Ok just forget how crazy the question sounds. The recent wrangling between Ontario and Alberta over the value of the Canadian dollar, oil output and the decline of manufacturing in Ontario (and other provinces east of Ontario) raises some reasonable questions about the Canadian monetary and fiscal union, aka the Confederation of Canada, aka, British North America, aka Canada.
Critics have long argued that the Bank of Canada’s single minded attention to price stability, i.e., inflation, and to a single policy instrument, i.e., the interest rate, was both too crude and too cruel. Too cruel because it makes unemployment the site of dynamic economic
dynamic adjustment and too crude because it is both geographically insensitive and structurally daft.
Here I will put the cruel to one side and consider the crude. Interest rate adjustment is a crude way to attempt to manage the macro-economy. Think about the regional dimensions. If you exclude Western Canadian growth the beavers teeth look not nearly so sharp, or as long. The present interest rate regime is probably too low for western Canada and too high for eastern Canada. Suggesting that, all things being equal, the Canadian dollar is probably too high and too low. Too low for the resource sector and too high for manufacturing.
Federal tax policy has not helped either. The unilateral decrease in corporate income tax rates deprived the federal government of resource revenue while having little if any impact on investment in the manufacturing sector. The west did not need a GST rebate the east did. And to add insult to injury, the Federal government has decided to move to an austerian footing. Again viewed through the lens of the west probably not a totally idiotic position to take (countercyclical one might say). Viewed from the east, however, a completely counter-productive, pro-cyclical policy.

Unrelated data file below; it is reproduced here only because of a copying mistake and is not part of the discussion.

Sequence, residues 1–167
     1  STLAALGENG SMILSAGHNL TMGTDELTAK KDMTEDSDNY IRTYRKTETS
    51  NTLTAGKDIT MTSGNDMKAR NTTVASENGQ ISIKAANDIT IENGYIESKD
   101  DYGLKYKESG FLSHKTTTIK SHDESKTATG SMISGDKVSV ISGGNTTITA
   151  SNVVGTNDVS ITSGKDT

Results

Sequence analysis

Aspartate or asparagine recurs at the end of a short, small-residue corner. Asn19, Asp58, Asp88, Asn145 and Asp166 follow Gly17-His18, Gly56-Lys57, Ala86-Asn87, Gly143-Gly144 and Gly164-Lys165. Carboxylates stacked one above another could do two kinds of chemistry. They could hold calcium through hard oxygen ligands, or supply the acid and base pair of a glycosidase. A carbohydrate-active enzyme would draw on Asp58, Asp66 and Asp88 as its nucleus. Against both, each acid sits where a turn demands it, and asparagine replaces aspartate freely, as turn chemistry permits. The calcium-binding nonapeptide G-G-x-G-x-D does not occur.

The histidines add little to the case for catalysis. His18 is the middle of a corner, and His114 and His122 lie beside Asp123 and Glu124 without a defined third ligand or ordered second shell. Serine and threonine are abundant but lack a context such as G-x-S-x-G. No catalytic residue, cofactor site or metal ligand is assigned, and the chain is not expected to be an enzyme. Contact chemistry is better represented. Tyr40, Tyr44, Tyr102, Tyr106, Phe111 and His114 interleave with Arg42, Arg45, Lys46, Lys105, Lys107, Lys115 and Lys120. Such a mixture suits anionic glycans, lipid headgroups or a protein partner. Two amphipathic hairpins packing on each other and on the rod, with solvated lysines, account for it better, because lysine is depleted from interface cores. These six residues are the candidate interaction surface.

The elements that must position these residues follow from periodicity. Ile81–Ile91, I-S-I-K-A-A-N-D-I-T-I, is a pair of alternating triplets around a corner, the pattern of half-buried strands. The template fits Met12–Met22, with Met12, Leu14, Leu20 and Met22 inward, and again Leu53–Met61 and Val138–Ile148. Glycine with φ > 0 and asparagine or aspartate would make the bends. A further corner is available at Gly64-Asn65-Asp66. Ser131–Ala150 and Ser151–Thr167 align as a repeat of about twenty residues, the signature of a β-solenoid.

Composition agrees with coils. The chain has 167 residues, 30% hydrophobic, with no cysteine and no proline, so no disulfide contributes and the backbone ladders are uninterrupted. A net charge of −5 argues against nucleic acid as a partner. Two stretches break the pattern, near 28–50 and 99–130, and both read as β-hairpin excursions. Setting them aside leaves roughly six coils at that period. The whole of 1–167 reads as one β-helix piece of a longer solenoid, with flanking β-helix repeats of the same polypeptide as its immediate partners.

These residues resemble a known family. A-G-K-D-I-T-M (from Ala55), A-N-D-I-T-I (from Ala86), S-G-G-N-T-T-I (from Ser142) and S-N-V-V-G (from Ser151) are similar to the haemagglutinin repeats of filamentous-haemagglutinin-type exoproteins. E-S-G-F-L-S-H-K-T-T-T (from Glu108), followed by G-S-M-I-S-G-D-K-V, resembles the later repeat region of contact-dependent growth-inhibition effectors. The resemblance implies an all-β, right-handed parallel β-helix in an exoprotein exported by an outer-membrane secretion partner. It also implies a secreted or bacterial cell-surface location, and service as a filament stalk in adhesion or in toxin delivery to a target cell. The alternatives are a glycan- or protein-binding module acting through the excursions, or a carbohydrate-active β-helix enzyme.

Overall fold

All of which raises the question if Ontario, or indeed if all of the provinces east of Manitoba, would not be better off with their own federal government and their own central bank.
O.k. time to remember how crazy the question was. Not that crazy after all. But it is only a sane question because macroeconomic policy (fiscal and monetary policy) is so cruel and crude.
Here is Mankiw circa 2007:
Thursday, July 19, 2007
Several people have asked me my views on the taxation of carried interest. It is a complicated issue, and I don’t pretend to be an expert on tax law, but here goes.
Deferred compensation, even risky compensation, is still compensation, and it should be taxed as such. Paul Krugman hit the nail on the head with this question: